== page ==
That is not to say U-M’s coaches aren’t paying attention. A couple of weeks ago, Harbaugh said he’d noticed that Allen was rushing some of his kicks. “You want to be in that 1.25, 1.3 [second] operation time and he was getting down there one time where he was 1.1.”

Lopata watches games very closely and liked what he saw last Saturday from Allen. “He’s doing a lot of great things with his body positioning—keeping his chest up and having a smooth and fluid follow-through. The biggest tell is what’s happening with the ball. Although PATs are short, judging from the ball rotation and how high up on the net it is, I can tell he’s back to striking the ball flush.

“You want to see an end-over-end rotation and the ball rotating at the right speed—not too fast or too slow; just at that nice, correct pace, which you only know if you see it.”

Article was posted Friday and Allen made good on Lopata's observations, going 3/3 and hitting a 44-yarder. Whole thing recommended.

Hayden Lavigne's backstory. Zach Shaw on Michigan's #1 or #2 or #3 goaltender:

In 2013, Lavigne committed to the Wolverines when he was 17. It was supposed to be a simple story of a talented Canadian taking his game to Michigan before advancing to the pros, but that got shot to hell.

In the fragile position of goaltending, Lavigne became shattered goods in the United States Hockey League. Cut twice in two years in the league, his career was in jeopardy, and Michigan passed on taking him in two years in a row.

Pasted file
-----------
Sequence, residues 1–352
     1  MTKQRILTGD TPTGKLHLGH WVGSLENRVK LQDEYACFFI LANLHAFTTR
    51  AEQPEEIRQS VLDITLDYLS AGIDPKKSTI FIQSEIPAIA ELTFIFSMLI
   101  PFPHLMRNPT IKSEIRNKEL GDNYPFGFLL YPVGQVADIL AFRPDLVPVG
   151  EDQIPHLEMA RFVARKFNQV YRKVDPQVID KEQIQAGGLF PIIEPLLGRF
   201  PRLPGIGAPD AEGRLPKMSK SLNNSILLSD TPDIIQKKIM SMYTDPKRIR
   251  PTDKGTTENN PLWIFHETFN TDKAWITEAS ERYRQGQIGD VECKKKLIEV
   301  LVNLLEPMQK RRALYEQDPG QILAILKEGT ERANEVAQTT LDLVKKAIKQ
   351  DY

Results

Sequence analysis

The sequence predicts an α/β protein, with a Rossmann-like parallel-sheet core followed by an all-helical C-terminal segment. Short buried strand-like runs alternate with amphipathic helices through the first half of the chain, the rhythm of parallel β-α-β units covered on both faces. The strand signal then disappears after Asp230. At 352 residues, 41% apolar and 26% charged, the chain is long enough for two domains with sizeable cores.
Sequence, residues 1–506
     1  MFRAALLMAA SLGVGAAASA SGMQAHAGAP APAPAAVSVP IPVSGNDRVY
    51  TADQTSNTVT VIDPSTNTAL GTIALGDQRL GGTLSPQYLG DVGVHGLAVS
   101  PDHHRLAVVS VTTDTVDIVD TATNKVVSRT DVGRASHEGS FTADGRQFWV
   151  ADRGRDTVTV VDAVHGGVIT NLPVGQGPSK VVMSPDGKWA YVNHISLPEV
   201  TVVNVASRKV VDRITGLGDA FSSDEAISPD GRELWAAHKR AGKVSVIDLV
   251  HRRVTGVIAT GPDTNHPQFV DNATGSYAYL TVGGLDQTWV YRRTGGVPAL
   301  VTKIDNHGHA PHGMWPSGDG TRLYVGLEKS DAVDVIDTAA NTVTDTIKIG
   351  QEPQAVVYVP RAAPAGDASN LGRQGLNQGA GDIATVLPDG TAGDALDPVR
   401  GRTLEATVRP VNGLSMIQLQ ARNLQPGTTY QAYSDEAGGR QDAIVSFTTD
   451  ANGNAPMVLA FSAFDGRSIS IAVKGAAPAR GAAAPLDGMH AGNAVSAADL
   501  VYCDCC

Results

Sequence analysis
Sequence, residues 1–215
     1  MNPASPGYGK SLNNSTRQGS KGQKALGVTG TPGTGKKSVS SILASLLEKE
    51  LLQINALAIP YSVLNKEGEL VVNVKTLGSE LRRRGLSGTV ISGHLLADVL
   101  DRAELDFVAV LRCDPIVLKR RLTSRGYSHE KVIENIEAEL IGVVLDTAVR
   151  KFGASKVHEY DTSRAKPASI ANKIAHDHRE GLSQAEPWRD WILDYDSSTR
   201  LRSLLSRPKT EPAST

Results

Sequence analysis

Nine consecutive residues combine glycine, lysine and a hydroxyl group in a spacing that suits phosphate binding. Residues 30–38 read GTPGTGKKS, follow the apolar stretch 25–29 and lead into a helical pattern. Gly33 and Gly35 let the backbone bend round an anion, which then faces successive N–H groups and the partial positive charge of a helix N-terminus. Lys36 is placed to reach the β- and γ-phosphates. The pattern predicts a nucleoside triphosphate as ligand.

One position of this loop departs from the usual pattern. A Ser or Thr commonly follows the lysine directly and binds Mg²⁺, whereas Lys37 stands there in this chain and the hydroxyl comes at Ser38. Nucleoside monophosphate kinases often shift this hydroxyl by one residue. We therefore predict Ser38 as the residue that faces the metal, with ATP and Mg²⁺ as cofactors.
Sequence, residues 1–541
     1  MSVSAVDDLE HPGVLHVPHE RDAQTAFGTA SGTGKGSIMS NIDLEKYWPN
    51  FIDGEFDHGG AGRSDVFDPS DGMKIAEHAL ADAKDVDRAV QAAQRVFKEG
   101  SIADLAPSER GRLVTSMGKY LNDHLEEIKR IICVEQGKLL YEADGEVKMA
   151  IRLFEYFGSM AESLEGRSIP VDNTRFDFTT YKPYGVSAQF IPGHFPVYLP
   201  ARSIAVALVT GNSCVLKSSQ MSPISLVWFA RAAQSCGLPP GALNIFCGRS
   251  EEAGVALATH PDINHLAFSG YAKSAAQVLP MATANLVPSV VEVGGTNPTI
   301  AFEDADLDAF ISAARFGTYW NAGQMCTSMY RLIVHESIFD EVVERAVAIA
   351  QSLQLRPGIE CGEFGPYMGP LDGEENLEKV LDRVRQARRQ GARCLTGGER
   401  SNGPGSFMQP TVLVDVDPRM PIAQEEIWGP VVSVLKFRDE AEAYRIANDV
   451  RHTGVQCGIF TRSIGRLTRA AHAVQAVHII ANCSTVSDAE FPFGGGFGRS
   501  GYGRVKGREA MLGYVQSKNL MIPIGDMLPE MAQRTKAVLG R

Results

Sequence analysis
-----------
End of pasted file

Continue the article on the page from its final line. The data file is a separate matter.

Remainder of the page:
But as Lavigne shifted, lunged, batted, swung at and stopped all 31 shots Union peppered at him in his first college game earlier this month, it was clear that he had put the pieces together.

Goalies are weird.

Lavigne figures to get a lot of opportunities to prove his worth over the course of the season: Michigan got swept last weekend by bad teams and massively outshot. They've managed to defy possession, Corsi, and plain old shot totals en route to a decent start, but they're starting to come back to earth. Unless they radically improve their level of play they won't be in the tournament, or anywhere near it. They were outshot 42-21 by Vermont. They are probably the worst team Red Berenson has fielded since the very beginning of his tenure.

Etc.: if you were confused about Pat Narduzzi to Purdue twitter yesterday, the Crimson Quarry explains. Kinda. Playoff rankings tonight, will be anticlimactic. Glasgows gonna Glasgow. Josh Rosen's out for the year, which might help Michigan in some UCLA/M recruiting battles as the Bruins go 4-8 and Jim Mora goes Brian Kelly on the sideline a bunch. The money's got to go somewhere. Hinton on Peppers's Heisman chances.